Panic packing

Only intense pressure at the eleventh hour can make me tick in packing up my things for any trip I take and this had always worked for me in the past but last week the system failed. I knew the trip I was going to make was to be an exemption from all other out-of town trips I’ve taken because I was leaving the boarding house which has become my haven for the past three years for good.

Our flight for Manila was scheduled at 7 a.m. on Tuesday last week. On Monday evening I went to NCCC mall to buy a bath towel and other necessary items, lined up at several counters to pay for my purchases while the precious time I should have spent doing final packing ticked by.
Minutes later, I was frantically stuffing things into my luggage bag, knowing that my choices were either to take them or leave them behind, never to see them again. My sentimentality won, and I had a hard time trying to coax the zippers to close as my luggage bag was loaded with unnecessary items.

My cellphone kept on ringing, messages flew in and I was getting irritated because I was under intense pressure. I should have been wise enough to turn it off or turn the ringer to silent mode to be able to concentrate on the task at hand. Multiple messages came from Grace, chiding me for still not showing up when the despedida party they were holding was for me.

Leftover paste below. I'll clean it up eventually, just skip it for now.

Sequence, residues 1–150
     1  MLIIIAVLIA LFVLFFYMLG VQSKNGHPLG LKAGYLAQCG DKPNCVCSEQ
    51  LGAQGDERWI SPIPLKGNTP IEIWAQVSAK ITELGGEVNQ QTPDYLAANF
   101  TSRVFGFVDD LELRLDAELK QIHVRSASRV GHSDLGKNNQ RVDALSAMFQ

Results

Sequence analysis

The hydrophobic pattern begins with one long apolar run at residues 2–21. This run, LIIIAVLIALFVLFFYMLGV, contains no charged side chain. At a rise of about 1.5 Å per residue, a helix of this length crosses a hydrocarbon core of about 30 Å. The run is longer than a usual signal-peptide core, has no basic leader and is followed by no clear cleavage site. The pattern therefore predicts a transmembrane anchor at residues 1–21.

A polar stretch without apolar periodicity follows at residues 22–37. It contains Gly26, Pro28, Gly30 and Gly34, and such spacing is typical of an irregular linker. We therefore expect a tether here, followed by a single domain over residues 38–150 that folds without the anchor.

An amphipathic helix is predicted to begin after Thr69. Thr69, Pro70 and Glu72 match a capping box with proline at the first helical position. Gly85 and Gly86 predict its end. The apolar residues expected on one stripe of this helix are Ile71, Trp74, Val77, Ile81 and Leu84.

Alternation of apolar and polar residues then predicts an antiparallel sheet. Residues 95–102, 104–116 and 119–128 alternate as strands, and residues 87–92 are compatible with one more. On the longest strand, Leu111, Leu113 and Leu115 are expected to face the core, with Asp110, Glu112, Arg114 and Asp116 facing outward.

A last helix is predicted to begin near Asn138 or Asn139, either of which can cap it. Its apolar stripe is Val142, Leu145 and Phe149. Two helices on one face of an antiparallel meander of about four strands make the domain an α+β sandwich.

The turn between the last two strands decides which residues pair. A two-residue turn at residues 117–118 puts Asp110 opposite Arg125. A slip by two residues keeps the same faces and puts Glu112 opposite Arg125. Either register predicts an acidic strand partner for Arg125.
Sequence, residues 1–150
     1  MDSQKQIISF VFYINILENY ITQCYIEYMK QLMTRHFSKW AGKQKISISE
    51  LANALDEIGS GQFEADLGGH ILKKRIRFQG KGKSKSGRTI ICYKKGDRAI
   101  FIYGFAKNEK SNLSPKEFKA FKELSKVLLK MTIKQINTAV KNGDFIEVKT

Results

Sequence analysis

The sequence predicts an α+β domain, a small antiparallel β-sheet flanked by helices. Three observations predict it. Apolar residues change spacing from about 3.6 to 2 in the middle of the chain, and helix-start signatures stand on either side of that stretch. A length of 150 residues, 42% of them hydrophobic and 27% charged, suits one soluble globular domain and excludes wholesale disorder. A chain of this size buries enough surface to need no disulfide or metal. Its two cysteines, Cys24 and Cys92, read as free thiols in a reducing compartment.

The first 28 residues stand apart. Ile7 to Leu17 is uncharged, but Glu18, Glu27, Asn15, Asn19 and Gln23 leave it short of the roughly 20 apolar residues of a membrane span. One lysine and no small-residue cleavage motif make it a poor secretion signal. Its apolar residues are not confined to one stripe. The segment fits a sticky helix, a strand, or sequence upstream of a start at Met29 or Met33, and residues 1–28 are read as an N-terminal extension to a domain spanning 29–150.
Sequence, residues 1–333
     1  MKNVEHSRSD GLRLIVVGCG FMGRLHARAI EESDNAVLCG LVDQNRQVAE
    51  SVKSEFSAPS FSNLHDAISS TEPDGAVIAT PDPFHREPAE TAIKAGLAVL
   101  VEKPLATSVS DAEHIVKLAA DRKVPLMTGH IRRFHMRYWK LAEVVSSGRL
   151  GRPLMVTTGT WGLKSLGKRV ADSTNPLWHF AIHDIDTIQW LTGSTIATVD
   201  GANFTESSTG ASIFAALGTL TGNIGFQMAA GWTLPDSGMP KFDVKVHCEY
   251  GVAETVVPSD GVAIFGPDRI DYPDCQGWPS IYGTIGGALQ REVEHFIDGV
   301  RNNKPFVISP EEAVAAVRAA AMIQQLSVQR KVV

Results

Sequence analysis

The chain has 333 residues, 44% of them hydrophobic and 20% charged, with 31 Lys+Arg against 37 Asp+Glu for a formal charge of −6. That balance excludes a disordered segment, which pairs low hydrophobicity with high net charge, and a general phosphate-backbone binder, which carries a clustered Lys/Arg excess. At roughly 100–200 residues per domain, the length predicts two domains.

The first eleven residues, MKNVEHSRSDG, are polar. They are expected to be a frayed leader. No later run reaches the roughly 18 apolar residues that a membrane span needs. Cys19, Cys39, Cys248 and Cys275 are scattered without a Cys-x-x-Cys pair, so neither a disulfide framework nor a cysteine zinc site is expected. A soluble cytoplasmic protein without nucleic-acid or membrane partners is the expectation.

When the clock struck midnight,I was almost finished but still had to deliver a roll of newspapers to columnist Jojie Alcantara at her house. Thanks for buddy Jun who came to the rescue and delivered me in his motorcycle.

At 4 a.m. I was still in Lanang, groggy with all the drinks the group plied on me since we went bar hopping when Celina texted she was going to fetch me from the boarding house. I barely made it home before she arrived stopped by and caught struggling with the huge luggage bag down the 12 steps of stairs.

Domestic flights passengers were only allowed 20 kilos of baggage and mine totaled 30 kilos. I painfully paid P367 from my wallet for the excess 10 kilos. I had to drag my super-heavy luggage bag over to the second floor of the tenement where Kuya Ariel, hubby of news editor Gigie lives in camp Crame that day and drag it across the hallways and down the stairs again the next morning.

I texted my younger brother in Marikina to come and save me from the excess baggage but changed my mind when we were informed that international flights allow us to check in 70 pounds of baggage.
I wondered what made my baggage too heavy but I dared not open it because it require me two weeks to put it back together. I hate to remember the agony I went through in dragging the heavy luggage all over the Ninoy Aquino International Airport until I was finally able to check it in.
Whew, relief!

The Customs in Palau answered the puzzle. They are not equipped with x-rays and had to literally and manually inspect all items in your suitcases, and I mean EVERY item. The Custom official took everything out, shook my clothes and blankets and jeans and scrutinized all items, including underwears while everybody looks on. It made me cringe inside but was hardly able to suppress my laughter when I realized that I forgot to change the five and 10 peso coins, and more loose change totaling to almost P400 from my alkansya to bills. I couldn’t put them in the garbage can, so I have no choice but to stand watch as the huge Customs official tore through the newspaper wrapping and saw my loot.
I also brought a stuffed monkey curtain hugger (couldn’t leave him behind as he held my curtains for the past two years), books, and an odd assortment of objects no sensible traveler would ever think of carrying.

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